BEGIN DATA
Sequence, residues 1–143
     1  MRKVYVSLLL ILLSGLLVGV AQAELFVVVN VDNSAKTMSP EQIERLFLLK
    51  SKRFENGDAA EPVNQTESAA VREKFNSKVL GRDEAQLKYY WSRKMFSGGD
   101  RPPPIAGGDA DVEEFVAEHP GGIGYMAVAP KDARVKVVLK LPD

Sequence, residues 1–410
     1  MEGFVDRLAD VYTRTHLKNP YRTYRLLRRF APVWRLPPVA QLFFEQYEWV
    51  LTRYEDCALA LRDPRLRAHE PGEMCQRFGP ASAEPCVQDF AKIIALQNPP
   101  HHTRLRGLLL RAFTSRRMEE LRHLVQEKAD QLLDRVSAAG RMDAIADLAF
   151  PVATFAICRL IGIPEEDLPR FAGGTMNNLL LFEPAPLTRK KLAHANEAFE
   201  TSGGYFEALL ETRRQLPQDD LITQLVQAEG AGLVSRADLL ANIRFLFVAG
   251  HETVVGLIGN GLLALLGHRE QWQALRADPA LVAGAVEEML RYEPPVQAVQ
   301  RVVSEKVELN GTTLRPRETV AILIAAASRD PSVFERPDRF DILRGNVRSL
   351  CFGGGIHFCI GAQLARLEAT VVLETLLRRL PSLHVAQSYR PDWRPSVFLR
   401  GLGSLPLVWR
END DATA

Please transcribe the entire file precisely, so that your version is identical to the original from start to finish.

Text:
Sequence, residues 1–143
     1  MRKVYVSLLL ILLSGLLVGV AQAELFVVVN VDNSAKTMSP EQIERLFLLK
    51  SKRFENGDAA EPVNQTESAA VREKFNSKVL GRDEAQLKYY WSRKMFSGGD
   101  RPPPIAGGDA DVEEFVAEHP GGIGYMAVAP KDARVKVVLK LPD

Sequence, residues 1–410
     1  MEGFVDRLAD VYTRTHLKNP YRTYRLLRRF APVWRLPPVA QLFFEQYEWV
    51  LTRYEDCALA LRDPRLRAHE PGEMCQRFGP ASAEPCVQDF AKIIALQNPP
   101  HHTRLRGLLL RAFTSRRMEE LRHLVQEKAD QLLDRVSAAG RMDAIADLAF
   151  PVATFAICRL IGIPEEDLPR FAGGTMNNLL LFEPAPLTRK KLAHANEAFE
   201  TSGGYFEALL ETRRQLPQDD LITQLVQAEG AGLVSRADLL ANIRFLFVAG
   251  HETVVGLIGN GLLALLGHRE QWQALRADPA LVAGAVEEML RYEPPVQAVQ
   301  RVVSEKVELN GTTLRPRETV AILIAAASRD PSVFERPDRF DILRGNVRSL
   351  CFGGGIHFCI GAQLARLEAT VVLETLLRRL PSLHVAQSYR PDWRPSVFLR
   401  GLGSLPLVWR